EPC Cleaner (on the example of Leeds)


Load EPC Data & Standardise Missing Values

There is a lot of missing data in the EPC and often there are different expressions describing missingness that need to be standardised. While 9 of these expressions are outlined in the online description of the EPC data, there are a few more that we discovered while working with the Leeds data (and there might be a few more that we haven't found yet).

Removing Duplicate Entries

There are a few errors in the EPC data like accidental doubling of entries, which should be removed to reduce the amount of redundant information. We take this step before removing any unuseful columns to ensure that these observations are truly duplicated across all variables.

We arrange the data by reverse order of the date and time EPCs were lodged to remove older doubles, as we assume newer entries to be updates.

We considered removing additional types of potential duplicates as outlined by Hardy and Glew (2019), e.g. by considering EPCs lodged for the same building reference number within the same day or week updates. We decided against this because we were not sure in which cases a duplicated building reference number may refer to a flat or building.

Redundant Columns - Removing Geographies

We drop all the columns that contain geographic descriptors, apart from postcode. We do this, since it annonymises the data to an extent, and only post code is necessary to attach more meaningful geographies like LSOAs. You can remove additional columns depending on what your use for the EPC data is.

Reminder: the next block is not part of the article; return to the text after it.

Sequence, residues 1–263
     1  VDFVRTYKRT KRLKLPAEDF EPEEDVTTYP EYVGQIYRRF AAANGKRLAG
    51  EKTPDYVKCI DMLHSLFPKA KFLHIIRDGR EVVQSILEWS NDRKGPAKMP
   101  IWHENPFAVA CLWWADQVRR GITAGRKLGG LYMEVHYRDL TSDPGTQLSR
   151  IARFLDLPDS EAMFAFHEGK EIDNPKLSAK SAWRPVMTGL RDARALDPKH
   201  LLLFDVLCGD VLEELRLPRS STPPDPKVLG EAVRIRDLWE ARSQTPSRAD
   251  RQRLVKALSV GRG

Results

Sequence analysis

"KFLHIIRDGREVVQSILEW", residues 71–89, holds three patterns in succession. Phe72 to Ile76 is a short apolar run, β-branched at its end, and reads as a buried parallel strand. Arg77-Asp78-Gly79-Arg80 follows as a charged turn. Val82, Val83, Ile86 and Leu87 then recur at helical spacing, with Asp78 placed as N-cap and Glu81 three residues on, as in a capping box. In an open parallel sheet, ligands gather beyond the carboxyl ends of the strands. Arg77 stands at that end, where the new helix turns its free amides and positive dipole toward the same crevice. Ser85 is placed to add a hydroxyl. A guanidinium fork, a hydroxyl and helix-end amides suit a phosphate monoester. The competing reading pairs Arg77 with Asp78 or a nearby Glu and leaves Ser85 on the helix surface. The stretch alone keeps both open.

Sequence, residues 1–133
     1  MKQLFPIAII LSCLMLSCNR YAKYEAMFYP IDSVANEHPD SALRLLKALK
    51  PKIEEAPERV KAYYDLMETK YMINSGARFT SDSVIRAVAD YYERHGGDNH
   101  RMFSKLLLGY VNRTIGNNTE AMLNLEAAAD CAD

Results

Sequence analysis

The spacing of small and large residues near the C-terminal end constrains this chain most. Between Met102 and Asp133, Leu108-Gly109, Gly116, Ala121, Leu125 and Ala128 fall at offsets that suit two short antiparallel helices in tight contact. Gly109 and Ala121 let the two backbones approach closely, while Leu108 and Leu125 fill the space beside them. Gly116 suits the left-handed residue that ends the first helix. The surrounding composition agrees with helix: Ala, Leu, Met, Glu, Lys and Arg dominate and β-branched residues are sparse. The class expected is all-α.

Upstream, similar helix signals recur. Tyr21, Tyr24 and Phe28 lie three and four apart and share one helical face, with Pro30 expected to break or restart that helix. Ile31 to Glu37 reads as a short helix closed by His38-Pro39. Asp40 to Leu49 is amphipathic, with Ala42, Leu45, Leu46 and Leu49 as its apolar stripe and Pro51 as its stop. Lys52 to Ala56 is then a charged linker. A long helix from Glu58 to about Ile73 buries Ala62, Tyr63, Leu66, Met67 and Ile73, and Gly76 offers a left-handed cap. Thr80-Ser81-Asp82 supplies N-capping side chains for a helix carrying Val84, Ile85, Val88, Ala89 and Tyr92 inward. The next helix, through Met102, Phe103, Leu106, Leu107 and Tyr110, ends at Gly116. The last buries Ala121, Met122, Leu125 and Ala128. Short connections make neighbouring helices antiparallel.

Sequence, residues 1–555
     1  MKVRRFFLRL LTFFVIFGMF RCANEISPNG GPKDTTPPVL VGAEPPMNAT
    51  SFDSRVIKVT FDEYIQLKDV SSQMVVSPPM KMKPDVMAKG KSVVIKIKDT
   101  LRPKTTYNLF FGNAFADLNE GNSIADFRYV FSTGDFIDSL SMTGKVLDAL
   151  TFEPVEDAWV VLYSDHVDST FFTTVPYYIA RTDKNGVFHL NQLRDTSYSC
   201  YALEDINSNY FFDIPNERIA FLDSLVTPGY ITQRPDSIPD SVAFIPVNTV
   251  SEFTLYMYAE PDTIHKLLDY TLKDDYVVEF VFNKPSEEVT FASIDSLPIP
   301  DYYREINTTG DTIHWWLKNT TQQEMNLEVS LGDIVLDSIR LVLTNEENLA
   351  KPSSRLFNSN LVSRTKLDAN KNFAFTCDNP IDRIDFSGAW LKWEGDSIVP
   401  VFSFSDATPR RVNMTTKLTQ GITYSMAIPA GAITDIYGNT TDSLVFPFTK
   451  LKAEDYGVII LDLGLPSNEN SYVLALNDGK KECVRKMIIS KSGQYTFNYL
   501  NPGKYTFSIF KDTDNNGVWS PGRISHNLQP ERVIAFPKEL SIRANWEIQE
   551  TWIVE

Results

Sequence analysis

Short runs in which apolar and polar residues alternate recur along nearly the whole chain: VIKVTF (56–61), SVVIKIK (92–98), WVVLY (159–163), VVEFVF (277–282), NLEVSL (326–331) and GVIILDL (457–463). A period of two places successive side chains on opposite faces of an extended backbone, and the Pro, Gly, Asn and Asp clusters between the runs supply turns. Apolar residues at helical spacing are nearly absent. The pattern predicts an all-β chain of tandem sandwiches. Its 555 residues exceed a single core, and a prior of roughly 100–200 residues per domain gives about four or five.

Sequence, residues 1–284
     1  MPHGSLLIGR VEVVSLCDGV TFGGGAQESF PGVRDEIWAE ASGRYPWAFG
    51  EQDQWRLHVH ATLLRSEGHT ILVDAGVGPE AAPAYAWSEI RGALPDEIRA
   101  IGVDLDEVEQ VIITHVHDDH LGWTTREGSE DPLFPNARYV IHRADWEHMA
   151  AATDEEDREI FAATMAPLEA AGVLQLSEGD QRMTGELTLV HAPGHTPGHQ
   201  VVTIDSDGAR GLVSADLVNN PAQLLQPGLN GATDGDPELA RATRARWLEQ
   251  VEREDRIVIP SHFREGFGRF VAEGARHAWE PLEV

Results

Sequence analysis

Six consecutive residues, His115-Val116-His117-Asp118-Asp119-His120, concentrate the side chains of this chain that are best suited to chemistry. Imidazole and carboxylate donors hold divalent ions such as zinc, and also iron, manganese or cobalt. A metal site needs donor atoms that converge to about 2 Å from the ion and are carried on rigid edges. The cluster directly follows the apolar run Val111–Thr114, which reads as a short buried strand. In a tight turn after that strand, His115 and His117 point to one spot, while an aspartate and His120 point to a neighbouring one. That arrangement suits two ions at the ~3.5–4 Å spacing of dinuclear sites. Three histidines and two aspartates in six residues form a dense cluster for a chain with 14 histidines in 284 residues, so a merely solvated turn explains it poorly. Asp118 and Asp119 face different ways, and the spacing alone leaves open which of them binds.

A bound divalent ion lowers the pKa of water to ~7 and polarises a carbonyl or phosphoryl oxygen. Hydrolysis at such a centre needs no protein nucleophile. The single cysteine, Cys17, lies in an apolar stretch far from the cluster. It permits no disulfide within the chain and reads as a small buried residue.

Removing Columns with a lot of Missing Values

Columns that are mostly empty are likely to be unhelpful in our analysis and waste processing power.

SIDENOTE: Identify the columns that contain more than a certain percentage of NAs

This may help us decide whether we really want to drop all of the columns containing a certain percentage of NAs.

Remove columns that contain more than a certain percentage of NAs

The following code removes all of the columns that contain more than 70% NAs.

Alternatively, you could pick only the columns you want to remove out of those identified in the last (SIDENOTE) step.

Adding LSOAs & Removing Postcodes

We join our cleaned dataset with the National Statistics Postcode Lookup (NSPL) to add some meaningful geographies. Postcodes should then be removed to further anonymise the outputs and avoid copyright issues.


Save a Copy of the Cleaned Data

Useful References

Hardy, ALR. and Glew, D. 2019. An analysis of errors in the Energy Performance certificate database. Energy Policy, 129. pp. 1168-1178. Available from: http://eprints.leedsbeckett.ac.uk/id/eprint/5844/1/AnAnalysisofErrorsintheEnergyPerformanceCertificateDatabaseAM-HARDY.pdf